When the festivities begin the crowd is shocked that Gen. Santa Anna did not even come to the premiere, but rather sent his assistant to be there.  Many feel that this is an insult to the people.  The anthem composer and lyricists are very downcast that the general did not come.  At the end of the performance, the professor says the performance was an absolute failure.  The audience did not seem to like it at all. 

Luis and Felipe come over to visit the professor. The lyricist is there also.  The professor tells them that his enemies are deporting him.  He says his crime was that he had a managerial position during Santa Anna's regime.  He was the director of the city band of Mexico.  The fellows have a toast to Mexico.  Later the composer gives Luis the first printed copy of the anthem.  Luis promises:  ". . . I'll fight to make it become the true Mexican people's song."

The news in the papers is of the coup d'etat in Mexico.  But the present result is very divisive.  Mexico now has two presidents.  Benito Juarez who will be returning to Mexico and a fellow by the name of Miramon.  The year is 1859.  The two presidents are polar opposites.  Miramon wants to borrow money from abroad.  His advisor tells him that this will put Mexico in the hands of the foreign powers. Miramon seems totally unconcerned.  Juarez, however, doesn't want to take any more loans from the European powers.  And, where Miramon wanted to raise taxes on the people, Juarez doesn't want to increase the burden on the Mexican people. 

Back in France Napoleon III is thrilled.  He says now that Mexico can neither pay their debt nor even pay the interest on the debt, Mexico will fall into their hands.  He now sends Marshal Jurien to Mexico. 

Luis and Felipe are now in the army.  Miramon is in Europe trying to bring the French over to Mexico, while Juarez is staying to defend Mexico from foreign invaders.  Luis sees Dubois's niece again.  He tries to speak with her, but she has to go with her uncle to a party.  She tells Luis quickly to come to the party being given by Alvarez.  She starts walking away.  Luis has to shout to her for her name.  It's Esther. 

The headlines in the newspapers are that Miramon has left the country and Mexico calls off all external debt payment.  Spain, England and France now break off diplomatic relations with Mexico.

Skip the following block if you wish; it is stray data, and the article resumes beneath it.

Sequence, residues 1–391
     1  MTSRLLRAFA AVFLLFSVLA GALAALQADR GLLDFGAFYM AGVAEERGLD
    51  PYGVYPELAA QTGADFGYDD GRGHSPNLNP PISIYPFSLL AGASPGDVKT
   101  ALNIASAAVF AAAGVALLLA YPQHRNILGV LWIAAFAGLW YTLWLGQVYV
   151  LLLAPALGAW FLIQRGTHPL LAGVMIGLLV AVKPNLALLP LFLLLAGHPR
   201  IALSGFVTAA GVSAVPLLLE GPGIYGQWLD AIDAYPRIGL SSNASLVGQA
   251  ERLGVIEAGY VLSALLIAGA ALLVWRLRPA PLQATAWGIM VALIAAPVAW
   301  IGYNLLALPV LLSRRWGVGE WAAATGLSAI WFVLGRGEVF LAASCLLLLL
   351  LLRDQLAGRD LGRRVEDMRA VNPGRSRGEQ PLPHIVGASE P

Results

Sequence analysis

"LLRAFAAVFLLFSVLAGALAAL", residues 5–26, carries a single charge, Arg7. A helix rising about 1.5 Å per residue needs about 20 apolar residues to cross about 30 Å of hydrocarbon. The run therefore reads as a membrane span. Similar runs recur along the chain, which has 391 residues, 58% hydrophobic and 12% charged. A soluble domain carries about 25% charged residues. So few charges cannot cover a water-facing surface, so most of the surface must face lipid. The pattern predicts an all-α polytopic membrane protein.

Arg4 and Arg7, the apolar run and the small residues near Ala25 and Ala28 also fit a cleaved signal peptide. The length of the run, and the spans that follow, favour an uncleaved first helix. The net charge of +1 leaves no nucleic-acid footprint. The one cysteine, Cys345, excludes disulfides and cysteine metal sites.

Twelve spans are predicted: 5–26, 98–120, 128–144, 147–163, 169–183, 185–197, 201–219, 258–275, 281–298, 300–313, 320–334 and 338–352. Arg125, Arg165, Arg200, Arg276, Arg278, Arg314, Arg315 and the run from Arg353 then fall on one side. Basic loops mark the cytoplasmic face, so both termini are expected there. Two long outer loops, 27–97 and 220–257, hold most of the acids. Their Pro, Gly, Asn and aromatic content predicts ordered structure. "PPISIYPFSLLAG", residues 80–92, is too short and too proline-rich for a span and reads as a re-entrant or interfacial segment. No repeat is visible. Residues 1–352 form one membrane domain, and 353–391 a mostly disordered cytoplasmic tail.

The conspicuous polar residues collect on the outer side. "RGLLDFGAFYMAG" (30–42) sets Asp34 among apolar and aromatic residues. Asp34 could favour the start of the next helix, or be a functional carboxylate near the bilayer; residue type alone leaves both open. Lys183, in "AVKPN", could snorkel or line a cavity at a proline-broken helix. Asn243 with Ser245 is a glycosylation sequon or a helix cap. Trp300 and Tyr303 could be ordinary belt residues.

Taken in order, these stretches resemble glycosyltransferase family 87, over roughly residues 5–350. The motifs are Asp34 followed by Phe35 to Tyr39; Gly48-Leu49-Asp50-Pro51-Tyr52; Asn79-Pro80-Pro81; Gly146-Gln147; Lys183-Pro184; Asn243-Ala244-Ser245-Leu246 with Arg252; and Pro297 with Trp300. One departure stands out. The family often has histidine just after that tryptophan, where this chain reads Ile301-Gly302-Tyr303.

The French conspirator and their allies meet again.  The talk is that a French squadron will lay off Vera Cruz.  Dubois brags that with his influence there will be three ships there at least:  one Spanish, one English and one French. 

A pastry vendor happens to hear the men talking as he stands outside yelling to sell his pastries.  He decides to stay as long as he can to learn more about what appears to be a conspiracy.  The vendor and his constant singing of his advertising phrases irritates the conspirators and they try to get rid of him.  But he is not budging until he thinks he's got what their plans are.  Once satisfied, the vendor leaves.  Where does he go?  Straight over to President Benito Juarez.  He tells the president that the foreign powers are coming to Vera Cruz.  Juarez says he already knows that.  So, the visitor comes to the point.  He wants Juarez to make him a soldier.  Juarez is very willing to help the man fight with the Mexicans against the French. 

At the Alvarez party they play a party game.  The competition between the two rivals for the hand of Esther starts to get out of hand and threatens to blow up into a fight.  So they have to stop playing the game.  Luis and Esther come together and talk.  She tells him her full name is Esther Dubois de Saligny.  Now Luis realizes that she is the niece of one of the enemies of his father.  Esther responds:  "I'm really sorry, but I'm not responsible."  Luis has to go.  He just received a message from Lupe saying that her cousin is very sick.  Luis arrives to see the lyricist, but shortly after his arrival, the cousin dies.